Each week, the crew from Saturday Afternoon at the Opera chooses a hot new opera release that you need to know about. Here's your opera spotlight for June 22, 2013.

Album: Norma.

Artists: Cecilia Bartoli, Sumi Jo, John Osborn, Orchestra la Scintilla, conducted by Giovanni Antonini.

Repertoire: Bellini's bel canto masterpiece, Norma.

Label: Decca.

A controversial release, for sure, this Norma stars mezzo-soprano Cecilia Bartoli singing a role typically reserved for a lirico-spinto soprano. A highlight of the score, Norma's “Casta Diva" is one of the standout arias of the bel canto tradition, sung by sopranos whose repertoire often includes heavy roles like Puccini's Turandot, Verdi's Aida, even Wagner's Isolde.

So it comes as a surprise to hear Bartoli — a specialist in baroque opera and florid Rossini roles, and a mezzo to boot — sing not only that demanding aria, but the full role as well.

LISTEN

"Casta diva" from Bellini's Norma
Cecilia Bartoli, mezzo-soprano
Orchestra la Scintilla, dir. Giovanni Antonini 


How did she do it? First, she hired an orchestra best known as an early music band. Orchestra la Scintilla is the Zurich Opera house band whenever baroque and classical operas are performed. No thin or diluted sound here, however. They are in full form and sound splendid, but they do play at a slightly lower pitch than modern-instrument orchestras (A430, to be exact), and that’s a first step toward making the role more approachable for mezzo Bartoli.

Second, the musicians are working from a new critical edition of the score. The title role was originally written for the leading singer of the time, Giuditta Pasta, who was by all accounts a mezzo with some splendid high notes. Derived from the original manuscript, which is described as a “battlefield,” the resulting critical edition brings Norma's music into a lower register. That also helps Bartoli, and the result is a new idea of what Norma can be and what it can sound like.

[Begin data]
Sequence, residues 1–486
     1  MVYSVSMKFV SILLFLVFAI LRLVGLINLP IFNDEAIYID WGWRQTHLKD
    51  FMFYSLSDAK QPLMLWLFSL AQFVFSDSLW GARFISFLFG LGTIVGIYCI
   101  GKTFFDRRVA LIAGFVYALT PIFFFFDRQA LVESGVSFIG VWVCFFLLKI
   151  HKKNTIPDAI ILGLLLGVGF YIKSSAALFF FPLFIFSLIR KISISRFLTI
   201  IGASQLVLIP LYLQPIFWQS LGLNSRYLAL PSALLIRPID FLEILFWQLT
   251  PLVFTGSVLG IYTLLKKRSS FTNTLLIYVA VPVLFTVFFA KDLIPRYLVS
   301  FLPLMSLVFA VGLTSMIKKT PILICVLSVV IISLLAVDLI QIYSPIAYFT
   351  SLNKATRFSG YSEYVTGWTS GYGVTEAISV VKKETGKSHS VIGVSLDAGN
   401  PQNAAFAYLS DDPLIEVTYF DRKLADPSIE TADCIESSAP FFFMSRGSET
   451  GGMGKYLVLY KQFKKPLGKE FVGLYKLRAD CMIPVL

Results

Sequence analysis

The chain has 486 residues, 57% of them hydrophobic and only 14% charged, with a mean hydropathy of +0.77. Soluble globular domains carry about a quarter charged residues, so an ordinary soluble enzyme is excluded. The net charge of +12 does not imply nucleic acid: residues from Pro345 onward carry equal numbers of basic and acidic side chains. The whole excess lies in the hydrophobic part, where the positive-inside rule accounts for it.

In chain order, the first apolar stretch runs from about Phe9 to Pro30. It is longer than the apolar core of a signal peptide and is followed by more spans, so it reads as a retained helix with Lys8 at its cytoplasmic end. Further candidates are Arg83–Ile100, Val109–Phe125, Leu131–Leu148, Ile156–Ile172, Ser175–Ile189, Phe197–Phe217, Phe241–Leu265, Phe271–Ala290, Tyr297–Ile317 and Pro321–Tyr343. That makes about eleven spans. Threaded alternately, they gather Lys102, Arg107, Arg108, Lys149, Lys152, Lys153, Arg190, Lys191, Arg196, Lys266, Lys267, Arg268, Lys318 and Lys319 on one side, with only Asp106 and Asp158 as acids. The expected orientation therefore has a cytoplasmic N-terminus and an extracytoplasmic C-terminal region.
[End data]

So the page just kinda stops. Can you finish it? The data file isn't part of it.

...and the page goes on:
Bartoli writes an opening essay in the CD booklet outlining her reasons for singing the role, and it’s pretty convincing. She says today's audiences have become increasingly obsessed with both volume and register in opera performances, resulting in high, shrill singing.

“Voices are consequently becoming damaged with increasing frequency, and an ultimately vulnerable career cut short,” she writes.

This is not your normal Norma — we could call it AbNorma — and while it’s a different approach to an operatic war horse, there’s a lot to be said in favour of this performance. Bartoli's singing is rich with emotion; every note is expressive.

What do you think about this new, controversial take on Bellini's Norma? Let us know in the comments below.

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posted by Matthew McFarlane on Jun 20, 2013